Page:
“And this, my dear boy…is Pother.”

Literally the only reason that I picked up Steam by Drew Ford and illustrated by the wonderful Duane Leslie and Eva de la Cruz was because it was promoted as Steampunk. I don’t know about you, but I’ve always loved that style. And to have a fun, adventuresome graphic novel filled with it? I was so excited to read this book. And from the start, I was truly eager to learn more about the amazing world pictured on the cover.

Steam is Kind of a Mess

I hate that I have to say this, but you’re really not going to read Steam without getting confused or lost somewhere within it. I honestly felt as though this was the sequel to some other book that I should have read in order to have the background information. That’s probably the worst part about it all. Steam, as far as I can tell, is a standalone. And you just do not get enough information from it whatsoever.

This kind of leaves you floundering throughout the whole thing. Areas that should have been explained a little better just weren’t. Character arcs we should have spent more time on were left out entirely. I felt like I was constantly playing catch up and it took a lot of my ability to enjoy the novel away.


I can say that the artwork, overall, is fantastic. There are, admittedly, numerous occasions in which characters are caricatured to the point that they look ridiculous or even outright creepy. Very few of the characters actually look realistic. In its own way, this did make it difficult to feel immersed in the story. There’s only so much exaggeration I can take when it comes to how all the characters are drawn.

However, the world contained some of the most beautiful drawings I’ve ever seen. If nothing else, you can hands down say that this story had exemplary settings. The gadgets that made up this steampunk world were portrayed excellently.

Looks Cool, But Pretty Unmemorable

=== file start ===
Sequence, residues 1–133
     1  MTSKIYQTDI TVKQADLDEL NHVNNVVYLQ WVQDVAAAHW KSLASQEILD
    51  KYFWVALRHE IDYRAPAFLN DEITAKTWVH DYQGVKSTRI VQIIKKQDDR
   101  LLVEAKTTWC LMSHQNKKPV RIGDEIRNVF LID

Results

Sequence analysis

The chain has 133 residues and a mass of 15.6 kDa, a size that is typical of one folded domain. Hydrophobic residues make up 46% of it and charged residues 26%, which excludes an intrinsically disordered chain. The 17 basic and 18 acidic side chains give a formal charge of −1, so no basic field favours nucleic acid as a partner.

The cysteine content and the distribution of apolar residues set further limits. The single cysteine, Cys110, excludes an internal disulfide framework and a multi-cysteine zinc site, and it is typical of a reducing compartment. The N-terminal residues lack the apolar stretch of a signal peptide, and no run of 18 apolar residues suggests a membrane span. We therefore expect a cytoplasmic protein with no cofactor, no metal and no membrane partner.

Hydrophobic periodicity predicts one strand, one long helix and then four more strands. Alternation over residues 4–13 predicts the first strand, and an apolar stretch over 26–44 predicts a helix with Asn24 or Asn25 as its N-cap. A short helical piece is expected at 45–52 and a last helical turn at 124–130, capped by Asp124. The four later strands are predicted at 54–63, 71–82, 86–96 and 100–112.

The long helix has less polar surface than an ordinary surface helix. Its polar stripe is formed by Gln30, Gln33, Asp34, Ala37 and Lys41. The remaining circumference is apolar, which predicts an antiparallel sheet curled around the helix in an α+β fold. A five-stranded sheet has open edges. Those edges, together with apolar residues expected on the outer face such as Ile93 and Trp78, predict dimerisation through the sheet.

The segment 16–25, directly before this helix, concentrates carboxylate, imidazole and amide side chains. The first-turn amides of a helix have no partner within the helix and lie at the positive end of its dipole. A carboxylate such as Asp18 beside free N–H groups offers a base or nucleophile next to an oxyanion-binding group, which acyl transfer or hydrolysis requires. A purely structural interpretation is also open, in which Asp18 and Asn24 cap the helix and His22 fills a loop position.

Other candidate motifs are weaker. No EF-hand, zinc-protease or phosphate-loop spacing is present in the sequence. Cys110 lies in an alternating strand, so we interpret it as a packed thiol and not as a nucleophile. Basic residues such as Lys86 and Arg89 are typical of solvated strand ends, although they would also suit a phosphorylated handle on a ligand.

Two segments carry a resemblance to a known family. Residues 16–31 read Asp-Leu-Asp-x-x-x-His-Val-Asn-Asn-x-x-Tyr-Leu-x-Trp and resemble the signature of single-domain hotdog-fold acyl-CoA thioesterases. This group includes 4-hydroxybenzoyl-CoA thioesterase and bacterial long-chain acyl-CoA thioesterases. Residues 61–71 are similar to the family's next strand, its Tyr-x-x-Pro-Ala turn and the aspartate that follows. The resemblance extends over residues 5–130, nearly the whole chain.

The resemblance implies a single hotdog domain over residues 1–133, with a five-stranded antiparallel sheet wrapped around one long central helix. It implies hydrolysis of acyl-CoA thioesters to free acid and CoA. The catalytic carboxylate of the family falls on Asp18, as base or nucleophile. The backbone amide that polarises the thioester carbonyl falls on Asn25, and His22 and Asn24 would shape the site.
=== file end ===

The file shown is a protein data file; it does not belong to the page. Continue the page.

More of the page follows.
In the end, I think it’s difficult to really pin this book down. As a graphic novel, it definitely has a lot of merits. But, I think that also played a role in how difficult it was, at times, to fully feel as though I was following the story. I think a lot of world-building and important characterization moments were skipped because the author thought the graphic format would account for it.

Well, it didn’t. This felt like a sequel. One in which I was missing a lot of pertinent information. And that’s not the way you want your standalone, or your first novel to feel. And as much as I liked the idea for everything involved here, I just didn’t like the book itself. The characters weren’t all that great since they existed as templates that weren’t fully fleshed out. The world needed more development. I needed more of a backstory.

I felt like I’d been thrown smack into the middle of an ongoing story with none of the prep work done to help me understand it. And while, sure, I can say that I was able to figure it all out that definitely hurt my reading experience. As a whole, this isn’t a very memorable or engaging story. It’s exciting, at times. But that’s really all I can say for it.


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